I tend to agree with Jim Rogers that the single European currency is overly depressed and I can’t argue with the merits of the long position he claims to have made recently. I don’t necessarily agree with his logic that it will take between 10-15 years to decimate the euro. That type of event could happen much faster, although I personally see the euro weathering the storm. Talking of which, another little squall blew up today this time off the coast of Spain, which is currently having the effect of sticking a thumb in Jim’s eye as the euro recoils from a two-week high against the dollar and the yen surges on enflamed worries over European sovereign debt.
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Euro –A higher tolerance for risk has emerged during the past several sessions thanks to a growing body of evidence showing little impact on growth of government debt worries. Investors in the United States milked this change of heart yesterday for all it was worth and drove the S&P 500 index back above its 200-day moving average providing further encouragement for risk tolerance. But a punctuation mark appeared today after Spain and the EU denied a report published by “El Economista” stating that in combination with the U.S. and the IMF, a €250 billion line of credit was in the process of being drawn up to relieve Spain.
The euro quickly fell from its highest price so far in June from $1.2352 to $1.2254 during the morning as government bond spreads continued to depict worrisome prospects on the horizon. At a stroke risk appetite came undone. Whether it will last or not (I think not), we’ll have to see. The euro has recovered to $1.2283 but also remains lower against the Japanese unit at ¥112.00.
U.S. Dollar – The weaker risk environment is helping to drag the dollar index higher this morning and it currently stands at 86.24. We’ll have to be patient in seeing how much of yesterday’s surge in stocks is returned, but we do have fresh data to digest. Although low interest rates were likely behind a 17% jump in mortgage applications last week, other data surrounding the housing market was less encouraging. Not only were May housing starts 10% weaker than during April, but the earlier data series was revised down indicating construction weakness. And while the data is surprising it is not a totally unexpected. The housing market has stabilized but courtesy of bloated inventory levels we shouldn’t expect construction recovery to simply pick up where it left off pre-recession. Future activity also appears to look a little wobbly as signaled by a 5.9% decline in building permits.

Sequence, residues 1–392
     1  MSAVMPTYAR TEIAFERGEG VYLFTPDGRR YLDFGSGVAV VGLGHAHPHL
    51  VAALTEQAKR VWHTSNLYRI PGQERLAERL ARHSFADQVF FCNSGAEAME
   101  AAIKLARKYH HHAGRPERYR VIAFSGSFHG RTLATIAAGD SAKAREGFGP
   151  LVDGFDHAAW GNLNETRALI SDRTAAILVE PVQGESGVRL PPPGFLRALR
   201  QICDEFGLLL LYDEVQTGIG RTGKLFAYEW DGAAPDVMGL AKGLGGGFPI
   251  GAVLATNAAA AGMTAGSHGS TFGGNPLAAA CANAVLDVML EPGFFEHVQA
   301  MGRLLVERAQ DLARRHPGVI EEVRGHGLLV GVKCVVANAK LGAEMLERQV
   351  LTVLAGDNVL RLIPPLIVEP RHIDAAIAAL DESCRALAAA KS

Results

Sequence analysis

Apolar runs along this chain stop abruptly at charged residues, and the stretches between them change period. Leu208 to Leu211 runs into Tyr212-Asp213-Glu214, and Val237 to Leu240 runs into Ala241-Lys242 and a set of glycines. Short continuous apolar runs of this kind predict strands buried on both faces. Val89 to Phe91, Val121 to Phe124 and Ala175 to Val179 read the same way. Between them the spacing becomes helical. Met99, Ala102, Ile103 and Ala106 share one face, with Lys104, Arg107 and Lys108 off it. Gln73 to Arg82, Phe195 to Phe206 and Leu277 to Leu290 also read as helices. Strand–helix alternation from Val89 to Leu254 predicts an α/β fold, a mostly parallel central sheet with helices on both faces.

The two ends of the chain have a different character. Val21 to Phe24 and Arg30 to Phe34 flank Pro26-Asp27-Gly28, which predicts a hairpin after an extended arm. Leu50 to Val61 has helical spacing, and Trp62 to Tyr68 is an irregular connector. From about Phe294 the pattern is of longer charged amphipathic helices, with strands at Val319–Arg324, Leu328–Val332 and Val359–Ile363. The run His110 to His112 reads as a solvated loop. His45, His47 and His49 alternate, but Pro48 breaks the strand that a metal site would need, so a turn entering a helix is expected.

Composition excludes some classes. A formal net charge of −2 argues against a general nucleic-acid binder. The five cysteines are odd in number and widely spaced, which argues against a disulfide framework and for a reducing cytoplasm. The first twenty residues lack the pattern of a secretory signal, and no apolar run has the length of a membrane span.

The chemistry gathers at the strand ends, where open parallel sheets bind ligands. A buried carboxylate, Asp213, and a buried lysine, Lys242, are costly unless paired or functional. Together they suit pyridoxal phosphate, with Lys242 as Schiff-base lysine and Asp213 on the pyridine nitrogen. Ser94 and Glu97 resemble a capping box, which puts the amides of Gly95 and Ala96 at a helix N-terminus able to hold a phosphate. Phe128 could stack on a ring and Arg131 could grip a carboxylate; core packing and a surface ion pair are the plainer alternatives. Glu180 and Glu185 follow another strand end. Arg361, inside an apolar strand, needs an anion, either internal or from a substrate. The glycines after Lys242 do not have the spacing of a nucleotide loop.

British pound – The better risk tone had also helped a sharp recovery in the British pound, which saw it reach $1.4837 yesterday. Today it recoiled to $1.4751 before rebounding to $1.4791. There was better labor market news to buoy the unit today and on a two-month basis employers added 63,000 jobs compared to earlier predictions of 47,000 new positions. A drop in the claimant count to 4.6% during May was accompanied by positively revised data for April that also saw the ILO unemployment rate drop to 7.9%. The latter measure is a better internationally recognized standard comparison.
Japanese yen –The spike in risk aversion today helped provide a similar boost for the Japanese yen, which surged to ¥91.09 versus the dollar. Currently the dollar buys ¥91.29 while the yen remains in positive territory against most major currencies.
Canadian dollar – The Canadian dollar is left sitting in the same basket carrying the “Risk” label today as the euro. The waves of fear continue to wash up overseas each time European fears emerge. Only over time is it becoming apparent that growth is sweeping aside those fears and as that happens, the riskier commodity currencies are entitled to take two steps forward. Today the loonie buys 97.07 U.S. cents having reached 97.55 cents on Tuesday. The Canadian dollar is off its Wednesday low at 96.80 cents.
Aussie dollar – The Aussie was meandering nicely during the positive Asian session before the “El Economista” story emerged knocking the dollar off its perch. The story cost investors around 0.75 cents as the Aussie fell to 85.81 in European trading. But its recovery is decent and the Aussie is back to 86.12 after an insightful Bloomberg news interview with a Deputy Governor at Russia’s central bank. He notes that as the world’s third largest holder of international reserves, his nation continues to back away from holding U.S. dollars. Over the last four years Bank Rossii has reduced its proportion of dollars from half of all reserves to 47%. Having agreed to include Canadian dollars last November the official noted the likely addition of Australian dollars to the portfolio going forward. Typically Russia’s reserves are comprised of dollars, euros, yen and pounds.
Andrew Wilkinson is a Senior Market Analyst at Interactive Brokers LLC
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